Seventy years ago, on Aug. 6, 1945, the single most destructive weapon ever unleashed upon human beings and the environment -- the atomic bomb -- was dropped by an American B-29 bomber on the Japanese city of Hiroshima, killing approximately 80,000 people instantly.
Three days later, a second atomic bomb was dropped on Nagasaki, immediately killing an estimated 40,000 people, with tens of thousands dying later from the bombings because of radiation poisoning.
Blessing the crews and their two missions was Fr. George Zabelka, the Catholic chaplain to the 509th Composite Group -- the atomic bomb group.
In a 1980 interview with theologian, peace advocate and later Catholic priest Charles McCarthy in Sojourners magazine, a Christian social justice and peace publication, Zabelka said during war, the destruction of civilians was always forbidden by the church.
"If a soldier came to me and asked if he could put a bullet through a child's head, I would have told him absolutely not. That would be mortally sinful," he said.
But in 1945 on Tinian Island in the South Pacific, where the atomic bomb group was based, three planes every minute would take off around the clock, Zabelka said.
From the interview:
"Many of these planes went to Japan with the express purpose of killing not one child or one civilian but of slaughtering hundreds and thousands of children and civilians -- and I said nothing. ...
As a chaplain I often had to enter the world of the boys who were losing their minds because of something they did in war. I remember one young man who was engaged in the bombings of the cities of Japan. He was in the hospital on Tinian Island on the verge of a complete mental collapse.
He told me that he had been on a low-level bombing mission, flying right down one of the main streets of the city, when straight ahead of him appeared a little boy, in the middle of the street, looking up at the plane in childlike wonder. The man knew that in a few seconds the child would be burned to death by napalm which had already been released.
Yes, I knew civilians were being destroyed ... Yet I never preached a single sermon against killing civilians to the men who were doing it. ...
I was "brainwashed"! It never entered my mind to publicly protest the consequences of these massive air raids.
I was told the raids was necessary; told openly by the military and told implicitly by my Church's leadership. To the best of my knowledge no American cardinals or bishops were opposing these mass air raids. Silence in such matters, especially by a public body like the American bishops, is a stamp of approval. ...
Look, I am a Catholic priest. In August of 1945, I did not say to the boys on Tinian, "You cannot follow Christ and drop those bombs." But this same failure on the part of priests, pastors and bishops over the past 1700 years is, I believe, what is significantly responsible for Hiroshima and Nagasaki and for the seemingly unceasing "Christian" blood-letting around the globe.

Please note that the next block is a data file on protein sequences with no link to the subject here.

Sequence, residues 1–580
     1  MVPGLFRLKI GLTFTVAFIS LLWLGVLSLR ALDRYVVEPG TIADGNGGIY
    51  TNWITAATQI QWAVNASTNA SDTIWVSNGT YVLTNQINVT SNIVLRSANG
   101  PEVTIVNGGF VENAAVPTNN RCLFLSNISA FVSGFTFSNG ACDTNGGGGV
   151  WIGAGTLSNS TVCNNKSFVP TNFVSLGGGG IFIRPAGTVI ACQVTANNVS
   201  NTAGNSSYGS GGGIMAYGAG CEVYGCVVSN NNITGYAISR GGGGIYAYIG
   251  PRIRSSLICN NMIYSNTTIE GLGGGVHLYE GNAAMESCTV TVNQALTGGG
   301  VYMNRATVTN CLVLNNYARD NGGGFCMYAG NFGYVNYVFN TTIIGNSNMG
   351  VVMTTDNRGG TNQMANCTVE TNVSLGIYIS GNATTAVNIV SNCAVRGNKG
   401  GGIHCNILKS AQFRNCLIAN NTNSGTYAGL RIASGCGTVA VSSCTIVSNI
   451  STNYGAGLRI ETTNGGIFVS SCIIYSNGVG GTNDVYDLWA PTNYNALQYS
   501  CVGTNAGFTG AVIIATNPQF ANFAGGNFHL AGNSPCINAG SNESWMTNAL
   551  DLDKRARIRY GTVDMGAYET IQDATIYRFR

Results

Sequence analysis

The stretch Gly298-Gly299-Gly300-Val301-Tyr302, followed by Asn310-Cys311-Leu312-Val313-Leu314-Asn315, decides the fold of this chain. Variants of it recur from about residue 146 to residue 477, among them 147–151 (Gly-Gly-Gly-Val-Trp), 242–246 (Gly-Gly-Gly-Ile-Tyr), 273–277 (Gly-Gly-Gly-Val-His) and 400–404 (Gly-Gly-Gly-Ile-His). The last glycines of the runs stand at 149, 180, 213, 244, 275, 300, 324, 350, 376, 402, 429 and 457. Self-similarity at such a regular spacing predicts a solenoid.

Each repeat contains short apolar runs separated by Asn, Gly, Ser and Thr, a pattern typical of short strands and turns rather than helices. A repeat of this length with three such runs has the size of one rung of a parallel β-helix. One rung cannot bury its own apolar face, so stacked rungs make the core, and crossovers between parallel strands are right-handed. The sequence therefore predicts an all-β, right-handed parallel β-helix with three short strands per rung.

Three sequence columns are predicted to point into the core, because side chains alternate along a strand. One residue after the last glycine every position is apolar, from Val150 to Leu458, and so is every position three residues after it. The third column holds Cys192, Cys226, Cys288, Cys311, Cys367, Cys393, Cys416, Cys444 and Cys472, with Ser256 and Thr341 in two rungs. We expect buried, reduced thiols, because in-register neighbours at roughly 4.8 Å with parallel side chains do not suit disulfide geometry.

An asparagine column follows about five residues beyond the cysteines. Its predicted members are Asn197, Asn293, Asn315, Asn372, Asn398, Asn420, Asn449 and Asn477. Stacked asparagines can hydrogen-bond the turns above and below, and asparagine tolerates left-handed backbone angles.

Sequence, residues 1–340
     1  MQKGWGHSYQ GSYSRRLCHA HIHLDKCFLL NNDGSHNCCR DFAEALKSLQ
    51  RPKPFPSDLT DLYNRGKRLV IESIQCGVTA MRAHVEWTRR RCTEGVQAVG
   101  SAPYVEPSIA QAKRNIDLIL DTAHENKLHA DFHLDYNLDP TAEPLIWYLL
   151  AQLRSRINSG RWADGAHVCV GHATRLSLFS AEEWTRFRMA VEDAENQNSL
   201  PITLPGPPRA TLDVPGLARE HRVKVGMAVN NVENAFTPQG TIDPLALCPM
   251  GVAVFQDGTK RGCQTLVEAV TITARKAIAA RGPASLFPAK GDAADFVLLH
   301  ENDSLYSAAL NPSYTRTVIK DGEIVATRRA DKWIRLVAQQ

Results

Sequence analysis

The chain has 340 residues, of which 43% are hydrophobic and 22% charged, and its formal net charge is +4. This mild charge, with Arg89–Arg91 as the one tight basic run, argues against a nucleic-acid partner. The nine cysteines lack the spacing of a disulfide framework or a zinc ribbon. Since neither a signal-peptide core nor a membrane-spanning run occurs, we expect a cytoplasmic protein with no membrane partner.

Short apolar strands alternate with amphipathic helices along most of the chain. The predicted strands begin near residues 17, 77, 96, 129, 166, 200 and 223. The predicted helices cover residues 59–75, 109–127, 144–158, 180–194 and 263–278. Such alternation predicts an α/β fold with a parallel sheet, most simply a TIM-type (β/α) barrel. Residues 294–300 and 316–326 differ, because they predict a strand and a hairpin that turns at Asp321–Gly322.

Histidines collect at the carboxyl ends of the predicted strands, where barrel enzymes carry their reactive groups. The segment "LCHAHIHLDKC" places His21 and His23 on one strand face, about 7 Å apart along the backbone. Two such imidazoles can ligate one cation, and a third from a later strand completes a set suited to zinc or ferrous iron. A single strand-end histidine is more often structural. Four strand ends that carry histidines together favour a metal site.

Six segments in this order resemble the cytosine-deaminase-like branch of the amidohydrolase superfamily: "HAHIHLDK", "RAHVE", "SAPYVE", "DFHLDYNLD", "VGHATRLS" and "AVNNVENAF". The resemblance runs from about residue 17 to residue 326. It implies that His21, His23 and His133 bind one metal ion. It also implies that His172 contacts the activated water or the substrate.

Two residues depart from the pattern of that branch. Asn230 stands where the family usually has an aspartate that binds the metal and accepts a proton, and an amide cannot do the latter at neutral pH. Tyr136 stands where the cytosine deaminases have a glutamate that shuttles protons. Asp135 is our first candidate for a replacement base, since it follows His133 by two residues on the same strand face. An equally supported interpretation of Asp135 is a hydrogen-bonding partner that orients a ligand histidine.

It seems to me that Christians have been slaughtering each other, as well as non-Christians, for the past 1700 years, in large part because their priests, pastors and bishops have simply not told them that violence and homicide are incompatible with the teachings of Jesus."
Zabelka said that 75,000 people were burned to death in one night of fire bombing over Tokyo. And hundreds of thousands were killed in Dresden and Hamburg, Germany, and Coventry, England, by aerial bombing.
"The fact that 45,000 human beings were killed by one bomb over Nagasaki was new only to the extent that it was one bomb that did it," Zabelka said.
Whether it's from one nuclear bomb or conventional bombs, bombs kill. Jesus did not teach us to kill, but to love everyone unconditionally -- even our enemies.
After years of soul-searching, Zabelka's complete conversion from a strong proponent of the "just war theory" to a total pacifist was announced in a 1975 Christmas letter to friends, stating, "I must do an about face. ... I have come to the conclusion that the truth of the Gospel is that Jesus was nonviolent and taught nonviolence as his way."
Zabelka dedicated the rest of his life to teaching, preaching and witnessing to Gospel nonviolence. He died in 1992.
In 1983, he and a Jesuit priest, Fr. Jack Morris, organized and participated in the Bethlehem Peace Pilgrimage starting at the nuclear submarine base in Bangor, Wash., and ending on Christmas Eve in 1984 in Bethlehem.
When Zabelka reached Maryland, I had the good fortune of hearing him personally share his inspiring story of conversion.
I strongly recommend reading Zabelka's entire Sojourners magazine interview and ordering from the Center for Christian Nonviolence the excellent DVD "Fr. George Zabelka: The Reluctant Prophet." Or simply click here to view it.
Love is the only remedy to the world's violent ills. In the end, the God of love, the God who is love, will unfold the fullness of his kingdom where all violence, all war, all injustice, and all sin have been conquered.
But for us here and now, we can either choose to rationalize and condone violence and war, or we can help God build his kingdom of life and love.
In the biblical book of Deuteronomy, the author lays out a divine ultimatum for humanity: "I have set before you life and death, the blessing and the curse. Choose life, then, that you and your descendants may live, loving the Lord, your God, obeying his voice, and holding fast to him."
May we always choose life!
[Tony Magliano is an internationally syndicated social justice and peace columnist. He is available to speak at diocesan or parish gatherings about Catholic social teaching. His keynote address, "Advancing the Kingdom of God in the 21st Century," has been well received by diocesan gatherings from San Clemente, Calif., to Baltimore. His email address is firstname.lastname@example.org.]
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